As we approach Easter, I have been thinking about the reality of those few days, Friday to Sunday, and what they must have meant for the disciples.

For us, Easter is a yearly rhythm in which we celebrate a truth we set our lives on.  We know the end of the story. For the disciples it was probably the hardest weekend of their lives.  From 2000 years later the story looks glossy and shiny, but for the disciples ‘Easter’ was reality.

I imagine the loss and confusion they must have felt that Friday; the Friday that we have the luxury of hindsight to enable us to call ‘Good’. I can imagine the confusion the disciples must have experienced on Saturday after Jesus had died. And I really can’t imagine what they must have experienced when they saw Jesus alive and raised to life.

We spend a lot of time talking about Friday and Sunday, but I can’t stop thinking about that Saturday.

Imagine the real tension the disciples faced. How was Saturday lived out? Sorrow? Sleep? Normal routine? What must have crossed their minds?  They knew the prophecy that Jesus would be brought to life but did that feel real to them that day?

Most of my days look like “Saturday”.   I have spent no shortage of days living in waiting to see the promises of God fulfilled. Whether I see my child holding fast to his intelligence and I am begging God to save him or I am in the grocery line with my crying toddler begging God to save me, I feel like I’m living in between Friday and Sunday of this Easter story.  Like the disciples, I have the guarantee of the end of the story, but I live in the middle.

Like them I spend a lot of my time in the aftermath of loss, waiting for the relief of restoration.  I face my failure and sin with the promise of forgiveness, but without the reality of full deliverance yet.   I experience the pain of death, watch my mother take her last breath, all with the comfort of the promises, but I still have to wait for the relief of resurrection.

Between loss and fulfillment comes the gift of hope: Saturday with all of its tension.

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I used to be afraid of the word “tension” but this last year it has become a word that brings about a real hope.

Tension feels like our worst enemy but it is actually the very thing that pivots life into new things and lets hope rise. Tension brings about a bitter taste we hate and yet produces a longing.  It is in the bitter and the sweet that we find the aroma of Christ.  The tension of that Saturday was a gift to the disciples: one last opportunity to walk by a faith that was not by sight.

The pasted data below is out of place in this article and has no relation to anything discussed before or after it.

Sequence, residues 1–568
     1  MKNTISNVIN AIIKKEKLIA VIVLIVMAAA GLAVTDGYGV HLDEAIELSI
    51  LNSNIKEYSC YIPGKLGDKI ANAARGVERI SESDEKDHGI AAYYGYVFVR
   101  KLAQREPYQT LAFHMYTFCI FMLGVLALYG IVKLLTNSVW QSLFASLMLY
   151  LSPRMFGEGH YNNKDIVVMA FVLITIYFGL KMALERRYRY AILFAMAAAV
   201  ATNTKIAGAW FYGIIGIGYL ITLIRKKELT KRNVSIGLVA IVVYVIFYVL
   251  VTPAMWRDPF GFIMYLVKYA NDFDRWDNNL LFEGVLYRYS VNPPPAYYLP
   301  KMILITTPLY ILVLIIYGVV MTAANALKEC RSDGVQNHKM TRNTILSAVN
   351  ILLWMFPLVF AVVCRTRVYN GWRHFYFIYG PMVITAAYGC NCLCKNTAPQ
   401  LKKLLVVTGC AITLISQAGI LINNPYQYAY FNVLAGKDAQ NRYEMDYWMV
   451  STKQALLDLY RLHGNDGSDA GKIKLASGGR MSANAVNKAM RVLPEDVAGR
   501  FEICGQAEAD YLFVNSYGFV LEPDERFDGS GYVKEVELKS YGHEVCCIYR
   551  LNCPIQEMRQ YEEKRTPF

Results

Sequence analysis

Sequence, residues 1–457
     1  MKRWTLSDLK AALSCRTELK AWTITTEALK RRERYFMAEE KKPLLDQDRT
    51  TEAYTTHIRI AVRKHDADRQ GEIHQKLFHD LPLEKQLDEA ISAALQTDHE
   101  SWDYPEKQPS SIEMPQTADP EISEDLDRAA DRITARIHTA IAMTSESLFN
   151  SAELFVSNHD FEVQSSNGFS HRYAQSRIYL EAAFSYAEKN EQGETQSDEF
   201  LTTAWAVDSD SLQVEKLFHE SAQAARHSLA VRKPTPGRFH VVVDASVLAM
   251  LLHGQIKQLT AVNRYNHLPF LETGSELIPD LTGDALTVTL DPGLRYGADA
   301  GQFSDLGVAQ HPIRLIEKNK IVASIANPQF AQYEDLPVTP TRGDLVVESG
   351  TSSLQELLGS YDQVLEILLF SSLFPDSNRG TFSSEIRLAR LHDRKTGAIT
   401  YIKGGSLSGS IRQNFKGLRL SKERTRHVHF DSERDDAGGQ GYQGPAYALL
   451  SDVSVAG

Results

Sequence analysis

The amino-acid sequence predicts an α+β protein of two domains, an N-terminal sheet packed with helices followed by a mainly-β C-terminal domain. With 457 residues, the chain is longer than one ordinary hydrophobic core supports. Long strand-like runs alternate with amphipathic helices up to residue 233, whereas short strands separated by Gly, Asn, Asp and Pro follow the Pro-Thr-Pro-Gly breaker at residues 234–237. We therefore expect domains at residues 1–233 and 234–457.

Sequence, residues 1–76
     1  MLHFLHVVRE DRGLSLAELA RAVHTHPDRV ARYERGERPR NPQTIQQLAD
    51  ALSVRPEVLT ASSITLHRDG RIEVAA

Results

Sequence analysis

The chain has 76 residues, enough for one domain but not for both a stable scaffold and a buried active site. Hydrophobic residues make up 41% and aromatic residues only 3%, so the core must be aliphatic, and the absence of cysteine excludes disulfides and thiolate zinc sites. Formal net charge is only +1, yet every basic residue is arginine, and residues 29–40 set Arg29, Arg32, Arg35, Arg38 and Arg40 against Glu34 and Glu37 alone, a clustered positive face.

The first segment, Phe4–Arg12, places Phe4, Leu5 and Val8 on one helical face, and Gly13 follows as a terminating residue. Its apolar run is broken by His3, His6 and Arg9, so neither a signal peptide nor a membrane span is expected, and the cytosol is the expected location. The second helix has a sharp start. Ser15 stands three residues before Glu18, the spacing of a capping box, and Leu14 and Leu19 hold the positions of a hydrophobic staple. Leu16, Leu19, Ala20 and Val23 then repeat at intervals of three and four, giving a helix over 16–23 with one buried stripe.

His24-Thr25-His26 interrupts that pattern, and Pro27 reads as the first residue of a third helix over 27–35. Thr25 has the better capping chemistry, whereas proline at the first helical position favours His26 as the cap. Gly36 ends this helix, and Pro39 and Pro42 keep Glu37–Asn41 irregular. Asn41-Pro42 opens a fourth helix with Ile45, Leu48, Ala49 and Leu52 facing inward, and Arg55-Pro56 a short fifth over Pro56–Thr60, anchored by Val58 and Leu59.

I remember waiting for our son to come home from Haiti. It was the longest “Saturday” I have ever experienced.  I would fall in the floor begging God to help me believe that He was in fact doing something. To help me believe that Sunday was coming. Too often, I would become apathetic, just accepting this Saturday as my new reality because hoping for Sunday was just too painful.

But Saturday isn’t just a season to get through.  It is a necessary link between Friday and Sunday.

God tells us that He is doing something in our tension: He is producing longing, hope, faith, even joy, (Romans 5). He told the disciples this before he went to the cross. (John 16)

As daughters, we have a sure and steadfast anchor for our souls. The Holy Spirit is our comforter and helper, He will remind us of Jesus so that we might have encouragement to hold fast to the hope that is set before us. (John 14, Hebrews 6)

Whether the disciples felt it, knew it or saw it, the veil had been torn and God was there on Saturday and doing something for the hearts of His children.

On my Saturdays, I am learning to cry out “Abba, father!  Daddy, See! Come! Help! Save!” I am learning to trust that He is working and He hears me. I am learning to trust that Sunday is coming.  He is coming.  I am learning to wait and experience Saturday as a gift. Tension is doing something.  God is producing a hope that doesn’t disappoint and a hope that won’t put me to shame.

As we wait to celebrate tomorrow our Risen King, lets consider our Saturdays and may the God of hope fill us with all joy and peace in believing, so that by the power of the Holy Spirit we will abound in hope until He comes.  (Romans 15:13)

Come Lord Jesus.

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